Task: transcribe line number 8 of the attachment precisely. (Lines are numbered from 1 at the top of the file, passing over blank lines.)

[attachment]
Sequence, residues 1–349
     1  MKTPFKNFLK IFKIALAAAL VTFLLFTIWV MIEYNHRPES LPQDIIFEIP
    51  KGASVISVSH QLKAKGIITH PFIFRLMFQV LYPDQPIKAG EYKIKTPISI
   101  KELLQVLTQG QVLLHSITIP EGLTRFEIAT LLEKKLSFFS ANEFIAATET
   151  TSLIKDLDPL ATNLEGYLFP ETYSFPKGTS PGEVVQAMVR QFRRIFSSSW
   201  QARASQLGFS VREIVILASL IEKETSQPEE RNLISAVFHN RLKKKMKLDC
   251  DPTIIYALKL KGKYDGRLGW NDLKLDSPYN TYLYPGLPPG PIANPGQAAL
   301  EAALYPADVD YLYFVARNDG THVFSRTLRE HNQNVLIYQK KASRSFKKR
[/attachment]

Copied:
   301  EAALYPADVD YLYFVARNDG THVFSRTLRE HNQNVLIYQK KASRSFKKR